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Queer symbols banned as Russia cracks down on LGBT+ activists

Queer symbols banned as Russia cracks down on LGBT+ activists

Image source: © canva
Oliwia Ruta,
02.02.2024 16:00

Last year, Russia’s Supreme Court declared what it calls "the international LGBT social movement" an extremist organisation and banned its activities across the country. Now, the first convictions in relation to the law were handed down.

Last November, Russian authorities labelled "the international LGBT social movement" as extremist. Consequently, the status and visibility of queer communities in Russia have come under scrutiny. Although the government has not explicitly specified prohibited behaviours, LGBT+ activism within the country has become increasingly challenging. Concurrently, since the onset of the war in Ukraine, President Vladimir Putin has actively championed ‘traditional values’ while simultaneously disseminating overt propaganda against LGBT+ individuals.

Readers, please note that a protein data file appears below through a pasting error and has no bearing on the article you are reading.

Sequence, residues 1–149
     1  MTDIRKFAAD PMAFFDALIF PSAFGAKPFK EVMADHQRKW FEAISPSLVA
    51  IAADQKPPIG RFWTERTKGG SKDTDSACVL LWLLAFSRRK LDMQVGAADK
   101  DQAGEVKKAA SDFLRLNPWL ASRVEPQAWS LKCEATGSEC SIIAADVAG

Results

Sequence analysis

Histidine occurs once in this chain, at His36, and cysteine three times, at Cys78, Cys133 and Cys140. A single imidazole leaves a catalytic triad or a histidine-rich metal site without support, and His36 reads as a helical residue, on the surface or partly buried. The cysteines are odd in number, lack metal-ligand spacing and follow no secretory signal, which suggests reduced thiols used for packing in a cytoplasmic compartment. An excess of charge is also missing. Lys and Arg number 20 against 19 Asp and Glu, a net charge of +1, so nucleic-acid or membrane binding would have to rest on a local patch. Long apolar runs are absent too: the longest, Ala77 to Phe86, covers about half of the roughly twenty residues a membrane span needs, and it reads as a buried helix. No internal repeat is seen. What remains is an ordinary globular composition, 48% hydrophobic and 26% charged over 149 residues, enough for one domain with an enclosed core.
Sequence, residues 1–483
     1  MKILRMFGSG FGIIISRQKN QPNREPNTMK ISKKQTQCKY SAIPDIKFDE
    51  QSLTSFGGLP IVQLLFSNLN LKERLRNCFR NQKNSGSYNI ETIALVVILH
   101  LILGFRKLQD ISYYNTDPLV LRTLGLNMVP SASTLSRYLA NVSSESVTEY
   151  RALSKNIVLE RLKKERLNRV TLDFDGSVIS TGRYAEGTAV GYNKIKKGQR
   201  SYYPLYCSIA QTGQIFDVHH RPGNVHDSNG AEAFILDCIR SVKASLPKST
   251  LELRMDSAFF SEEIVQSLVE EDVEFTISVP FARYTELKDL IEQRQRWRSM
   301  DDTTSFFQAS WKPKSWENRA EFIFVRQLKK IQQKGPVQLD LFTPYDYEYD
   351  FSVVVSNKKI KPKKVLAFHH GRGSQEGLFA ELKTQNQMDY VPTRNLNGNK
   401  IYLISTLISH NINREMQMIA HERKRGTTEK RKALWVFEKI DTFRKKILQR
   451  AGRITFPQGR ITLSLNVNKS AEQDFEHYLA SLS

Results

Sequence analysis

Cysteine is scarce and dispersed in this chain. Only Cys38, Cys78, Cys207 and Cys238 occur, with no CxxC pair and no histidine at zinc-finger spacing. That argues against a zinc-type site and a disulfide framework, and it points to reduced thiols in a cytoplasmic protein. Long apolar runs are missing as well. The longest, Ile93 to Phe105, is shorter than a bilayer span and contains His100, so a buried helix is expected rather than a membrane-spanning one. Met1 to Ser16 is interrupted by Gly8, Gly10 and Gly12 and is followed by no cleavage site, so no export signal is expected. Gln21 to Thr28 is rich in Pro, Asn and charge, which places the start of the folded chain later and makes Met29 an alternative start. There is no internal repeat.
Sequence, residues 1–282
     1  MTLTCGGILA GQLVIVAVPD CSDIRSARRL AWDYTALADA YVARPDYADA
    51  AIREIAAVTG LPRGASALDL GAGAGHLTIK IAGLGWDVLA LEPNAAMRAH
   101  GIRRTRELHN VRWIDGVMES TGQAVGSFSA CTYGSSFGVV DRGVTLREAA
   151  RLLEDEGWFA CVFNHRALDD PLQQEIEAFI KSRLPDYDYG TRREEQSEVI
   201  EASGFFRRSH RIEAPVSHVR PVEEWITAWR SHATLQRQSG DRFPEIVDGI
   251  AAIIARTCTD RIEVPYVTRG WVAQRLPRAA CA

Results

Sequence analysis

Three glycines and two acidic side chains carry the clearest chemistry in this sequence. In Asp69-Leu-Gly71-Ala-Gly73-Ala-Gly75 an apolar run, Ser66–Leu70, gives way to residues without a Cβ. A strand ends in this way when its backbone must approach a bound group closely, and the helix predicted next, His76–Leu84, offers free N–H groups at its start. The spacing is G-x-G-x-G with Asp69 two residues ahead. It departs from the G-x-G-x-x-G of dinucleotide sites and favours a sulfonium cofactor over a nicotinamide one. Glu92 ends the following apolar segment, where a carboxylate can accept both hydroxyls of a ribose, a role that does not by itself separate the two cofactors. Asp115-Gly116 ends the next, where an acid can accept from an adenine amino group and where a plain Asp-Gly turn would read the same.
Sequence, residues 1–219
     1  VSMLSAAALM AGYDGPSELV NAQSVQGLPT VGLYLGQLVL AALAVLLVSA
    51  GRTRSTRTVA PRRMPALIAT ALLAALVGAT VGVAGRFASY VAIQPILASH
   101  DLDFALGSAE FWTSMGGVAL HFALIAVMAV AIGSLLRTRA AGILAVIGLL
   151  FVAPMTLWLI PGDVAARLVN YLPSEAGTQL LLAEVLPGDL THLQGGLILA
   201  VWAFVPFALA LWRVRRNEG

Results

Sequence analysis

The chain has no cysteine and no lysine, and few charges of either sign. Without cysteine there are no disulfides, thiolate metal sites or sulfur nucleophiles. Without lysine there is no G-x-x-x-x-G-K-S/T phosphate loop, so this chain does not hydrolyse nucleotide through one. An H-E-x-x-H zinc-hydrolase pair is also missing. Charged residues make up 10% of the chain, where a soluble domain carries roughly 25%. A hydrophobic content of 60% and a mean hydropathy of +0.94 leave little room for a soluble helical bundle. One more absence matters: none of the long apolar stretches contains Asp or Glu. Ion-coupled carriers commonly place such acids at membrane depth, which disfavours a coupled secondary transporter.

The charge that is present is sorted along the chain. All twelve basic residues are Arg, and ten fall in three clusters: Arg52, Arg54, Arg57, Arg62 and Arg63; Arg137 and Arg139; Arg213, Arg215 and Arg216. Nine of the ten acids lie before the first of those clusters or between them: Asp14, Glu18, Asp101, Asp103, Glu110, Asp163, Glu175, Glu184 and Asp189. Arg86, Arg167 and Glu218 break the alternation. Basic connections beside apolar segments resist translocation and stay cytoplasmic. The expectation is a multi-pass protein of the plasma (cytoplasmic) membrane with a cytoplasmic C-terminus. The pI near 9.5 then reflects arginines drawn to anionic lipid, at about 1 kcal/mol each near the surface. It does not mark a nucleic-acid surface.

First sentences against LGBT+ people

Two Russian courts have handed down the first convictions in connection with what the government calls the "international LGBT social movement", which was designated as extremist last year, The Guardian reports.

On 25 January, a court in the Volgograd region found Artyom P. guilty of sharing a picture of an LGBT+ flag online. He was fined 1,000 roubles (10€) for "displaying symbols of an extremist organisation". The Russian government said the man "admitted his guilt and expressed remorse, saying that he posted the photo out of stupidity".

On 29 January, a court in Nizhny Novgorod sentenced a woman to five days in administrative detention for wearing frog-shaped earrings with an image of a rainbow. Information about the incident was shared on social media by LGBT rights activist group Aegis. According to them, the woman was summoned to the police station after a man filmed her wearing earrings and posted the footage online.

The rainbow flag is a symbol representing the queer community. A Russian law enacted last November prohibits "displaying the symbols" of organisations that the government considers extremist.

Source: The Guardian

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